- 3/27, 7:00 pm. Seattle, WA. Elliott Bay Book Company. In conversation with Sarah Schulman about her wonderful new novel, Maggie Terry. Here’s what I said about it:
Set in 2017 Manhattan, Schulman’s latest is day-after noir: the party is over, the neon burnt out, and there’s nothing to drink but cold-pressed kale juice. While you were doing lines and knocking back shots, your wife took your child and left, your partner got himself killed, and you lost your badge. So now you have nothing but 12 steps. And while you weren’t looking, or at least not seeing, someone slowly strangled your community. It’s all gone: the gays have left, the bodegas are shut, and rat-infested tenements all replaced by condos overrun with man-buns.
This is classic Schulman: crime fiction, yes, but the murder that matters is of the urban neighbourhood. Schulman flenses and dissects the human condition, weighs every organ—how we connect, what forms the beating heart of a community—then magically breathes life back into the husk and helps it rise, reborn. Schulman asks, Who are you when you have nothing left? What can you do when you can do nothing? You go on. You learn to see, or see clearly, to tell yourself the truth and accept that truth, and shoulder the responsibility. Maggie Terry is a light shining in the waste, offering hope: Where there are people, there is the possibility of connection, and together we can make it. You should read this.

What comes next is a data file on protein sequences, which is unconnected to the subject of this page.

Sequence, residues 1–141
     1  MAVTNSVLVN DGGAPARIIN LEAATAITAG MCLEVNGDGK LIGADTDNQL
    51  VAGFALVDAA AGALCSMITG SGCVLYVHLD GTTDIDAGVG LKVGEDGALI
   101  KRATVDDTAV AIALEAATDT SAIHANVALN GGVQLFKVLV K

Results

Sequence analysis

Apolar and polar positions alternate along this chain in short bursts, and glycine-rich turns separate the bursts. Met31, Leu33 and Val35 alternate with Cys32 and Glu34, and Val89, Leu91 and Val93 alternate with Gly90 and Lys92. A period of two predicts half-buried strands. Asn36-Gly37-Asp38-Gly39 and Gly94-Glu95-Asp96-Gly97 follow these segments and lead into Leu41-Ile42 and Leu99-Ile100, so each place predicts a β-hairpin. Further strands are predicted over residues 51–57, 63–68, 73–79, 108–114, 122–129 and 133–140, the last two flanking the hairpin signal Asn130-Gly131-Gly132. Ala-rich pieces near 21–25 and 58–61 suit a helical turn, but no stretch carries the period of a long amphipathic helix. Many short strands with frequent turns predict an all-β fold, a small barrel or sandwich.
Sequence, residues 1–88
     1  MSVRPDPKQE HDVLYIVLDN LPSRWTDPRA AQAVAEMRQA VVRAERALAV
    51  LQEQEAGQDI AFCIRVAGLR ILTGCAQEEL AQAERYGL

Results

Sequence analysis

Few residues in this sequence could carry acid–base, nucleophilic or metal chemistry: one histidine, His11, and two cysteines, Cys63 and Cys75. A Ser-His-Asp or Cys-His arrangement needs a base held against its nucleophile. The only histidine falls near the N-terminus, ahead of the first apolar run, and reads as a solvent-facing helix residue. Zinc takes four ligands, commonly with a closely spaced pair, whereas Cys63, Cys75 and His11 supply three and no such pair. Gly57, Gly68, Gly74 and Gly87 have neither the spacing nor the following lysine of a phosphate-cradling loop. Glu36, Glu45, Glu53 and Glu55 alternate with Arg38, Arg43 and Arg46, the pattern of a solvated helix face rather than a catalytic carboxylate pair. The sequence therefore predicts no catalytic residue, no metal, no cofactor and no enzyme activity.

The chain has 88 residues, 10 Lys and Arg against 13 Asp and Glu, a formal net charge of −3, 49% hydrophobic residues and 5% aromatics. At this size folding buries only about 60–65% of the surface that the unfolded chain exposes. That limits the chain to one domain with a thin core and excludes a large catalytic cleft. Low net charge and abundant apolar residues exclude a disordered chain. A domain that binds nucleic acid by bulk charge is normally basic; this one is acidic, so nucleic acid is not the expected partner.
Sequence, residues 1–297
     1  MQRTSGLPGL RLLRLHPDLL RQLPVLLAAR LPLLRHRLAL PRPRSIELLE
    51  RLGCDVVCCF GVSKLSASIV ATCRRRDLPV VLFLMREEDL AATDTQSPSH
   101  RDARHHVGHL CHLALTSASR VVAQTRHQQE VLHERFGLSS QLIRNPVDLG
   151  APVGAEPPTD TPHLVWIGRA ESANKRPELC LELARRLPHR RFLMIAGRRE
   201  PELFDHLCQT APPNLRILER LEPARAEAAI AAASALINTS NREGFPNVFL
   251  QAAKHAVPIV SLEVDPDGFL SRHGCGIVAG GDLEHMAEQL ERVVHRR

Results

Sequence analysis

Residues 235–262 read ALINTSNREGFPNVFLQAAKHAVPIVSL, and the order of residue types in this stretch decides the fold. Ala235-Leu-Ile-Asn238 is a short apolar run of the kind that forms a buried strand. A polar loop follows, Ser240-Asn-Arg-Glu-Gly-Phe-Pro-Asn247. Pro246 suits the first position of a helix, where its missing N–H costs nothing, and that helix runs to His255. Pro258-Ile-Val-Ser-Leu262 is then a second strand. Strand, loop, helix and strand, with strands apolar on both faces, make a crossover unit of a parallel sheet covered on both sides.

- 4/5 – 4/7. Orcas Island, WA. Orcas Island Literary Festival. Schedule here. I’m doing three public events, all on Saturday 4/6:
- Panel, “When bad things happen to good people.” Black Box, Orcas Center; 9:30 – 10:35 am.
- Staged interview, with Jule Treneer; Black Box, Orcas Center; 2:00 – 2:30 pm.
- Reading, Main Stage, Orcas Center, 7:15 – 9:15 pm.
- 4/11- 4/13. Vancouver, BC, Canada. IONA: Early Medieval Studies on the Islands of the North Atlantic, transformative networks, skills, theories, and methods for the future of the field. Simon Fraser University. Schedule here.
- My main event will be at 4:00 pm on Friday 12th April, when I give the plenary speech, “The personal is political—and scholarly, and creative.” In which I talk about embodiment, and how Hild deconstructs the historical discourse on gender, sexuality, and race.